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Ambitious Goals Galvanize Nations
In 2003, a radical proposal was put forward by WHO and UNAIDS to galvanize global efforts to address the devastating problem of HIV/AIDS in sub-Saharan Africa as well as in China, India, and Southeast Asia. A goal was set by Director General J.W. Lee and the head of WHO's AIDS Program, Jim Kim, our former colleague at Harvard Medical School, of providing antiretroviral therapy to three million people in developing countries by the end of 2005--a target covering at least half of all who need treatment. When the "3 by 5 Initiative" was launched, about six million men, women, and children in developing nations were in need of antiretroviral therapy, but only 400,000, or eight percent, had access to treatment. As of June of this year, WHO reported that approximately one million people have had access to life-prolonging antiretrovirals, but achieving the goal of three million by the end of the year appears very unlikely.

While it is easy for cynics to criticize WHO for promising more than could be delivered, that ambitious goal has clearly galvanized countries to do better. Of the 49 nations hardest hit by HIV/AIDS, 40 have declared national treatment targets, 34 have drafted national scale-up plans, and 14 have already achieved the goal of treating at least half of all people who needed treatment. These strides have been made despite industrialized countries' inability to deliver fully on their commitment to provide the resources necessary for developing the infrastructure for treatment and for acquiring the needed drugs, even given a significant drop in the cost of these drugs.

It is thus a welcome development that during the annual G-8 Summit at Gleneagles, Scotland, in July, the leaders of industrialized nations in Asia, Europe, and North America freed up millions in the form of debt relief, which can now be used to purchase antiretrovirals. Importantly, the G-8 nations declared as a goal "universal access" to these medications for the first time. Clearly, continued leadership by WHO and UNAIDS and sustained commitments from the G-8 countries, the Global Fund for AIDS, Tuberculosis, and Malaria, other nongovernmental organizations, and bilateral development assistance will be essential if we are ever to surmount the global threat posed by HIV/AIDS.

Improving World Health Through Accountability
How will we know whether these goals and targets have been met? How can we measure the outcomes on health, not just the inputs, to say nothing of health's impact on economic and social development? With eight percent of the global economy now devoted to health, governments are under increasing pressure to show what they are getting for their huge financial investments, and to determine whether there might be still more cost-effective ways to invest their resources in order to improve health.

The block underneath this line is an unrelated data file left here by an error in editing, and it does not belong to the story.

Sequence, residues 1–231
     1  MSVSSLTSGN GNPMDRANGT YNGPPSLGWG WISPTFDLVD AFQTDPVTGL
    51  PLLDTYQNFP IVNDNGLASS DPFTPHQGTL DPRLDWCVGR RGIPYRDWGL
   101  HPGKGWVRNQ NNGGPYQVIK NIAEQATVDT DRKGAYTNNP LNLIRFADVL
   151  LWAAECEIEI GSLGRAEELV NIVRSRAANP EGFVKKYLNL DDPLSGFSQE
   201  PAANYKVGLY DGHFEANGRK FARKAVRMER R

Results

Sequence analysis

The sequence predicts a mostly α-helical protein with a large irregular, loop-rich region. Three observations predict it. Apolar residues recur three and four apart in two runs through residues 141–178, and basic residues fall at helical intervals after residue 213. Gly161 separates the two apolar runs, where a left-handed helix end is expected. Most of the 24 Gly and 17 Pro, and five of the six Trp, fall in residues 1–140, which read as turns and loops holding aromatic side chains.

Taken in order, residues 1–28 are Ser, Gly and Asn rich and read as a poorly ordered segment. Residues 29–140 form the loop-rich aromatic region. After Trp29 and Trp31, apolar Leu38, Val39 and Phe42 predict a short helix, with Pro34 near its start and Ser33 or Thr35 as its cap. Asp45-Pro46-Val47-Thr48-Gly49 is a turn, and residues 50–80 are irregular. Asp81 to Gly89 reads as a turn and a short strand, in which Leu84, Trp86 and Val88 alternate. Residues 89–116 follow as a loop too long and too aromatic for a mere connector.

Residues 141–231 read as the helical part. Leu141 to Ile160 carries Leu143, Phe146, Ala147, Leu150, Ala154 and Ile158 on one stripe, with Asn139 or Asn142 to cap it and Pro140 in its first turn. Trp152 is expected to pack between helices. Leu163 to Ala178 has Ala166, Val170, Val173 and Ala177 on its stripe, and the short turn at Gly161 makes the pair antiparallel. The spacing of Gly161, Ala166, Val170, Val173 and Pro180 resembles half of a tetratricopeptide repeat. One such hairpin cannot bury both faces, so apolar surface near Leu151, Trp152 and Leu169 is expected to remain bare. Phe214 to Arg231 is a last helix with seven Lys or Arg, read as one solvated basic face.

Harvard University and its School of Public Health are poised to contribute in a unique way to answering these questions through some exciting new developments, including a Grand Challenges in Global Health grant from the Bill and Melinda Gates Foundation, in conjunction with the Foundation for the National Institutes of Health. We are planning with philanthropist Larry Ellison, the founder and chief executive officer of Oracle Corporation, to start an exciting new global health initiative focused on creating a network of experts who share the aim of improving world health through accountability. Our goal is to link faculty members at Harvard with health experts in many countries, including those at WHO and other international organizations, to measure and analyze the state of health and health care in countries around the world.

Policy makers will need to address a number of key questions in order to set priorities and make the wisest decisions in allocating scarce resources to health: What is the burden of disease in terms of premature mortality and avertable morbidity due to the known causes of disease within each country? What are the key risk factors that predispose populations to these diseases, the prevention of which might reduce their burden? What are individual nations' financial inputs into their health sectors, and what are the health outcomes? What are the key health problems for which current interventions are inadequate, and that can help to define priority areas for research? How can the quality of care, and access to that care, be measured and improved? These are some of the key issues that we at Harvard will take on with help from our collaborators and supporters.

Recognizing that providing a sound basis for accountability will require new and better research methods, the Bill and Melinda Gates Foundation, as part of its Grand Challenges in Global Health initiative, has awarded $18.8 million to a research team led by Christopher Murray, the Richard B. Saltonstall Professor of Population Policy in the Department of Population and International Health at HSPH. The aim is to spur the development of sophisticated health-measurement tools and methodologies to develop an evidence base for decision making that will be inexpensive and readily applicable in developing countries.

The larger aim of all of these efforts? To help policy makers set meaningful priorities to improve population health in all countries, and to enable the world's citizens to hold their governments accountable. As breathtakingly grandiose as these goals may seem to us now, they represent one significant way that we in public health can contribute to narrowing the yawning gap in health between the rich and the poor, within and between countries of this world.

Barry R. Bloom
Dean of the School
Joan L. and Julius H. Jacobson II
Professor of Public Health

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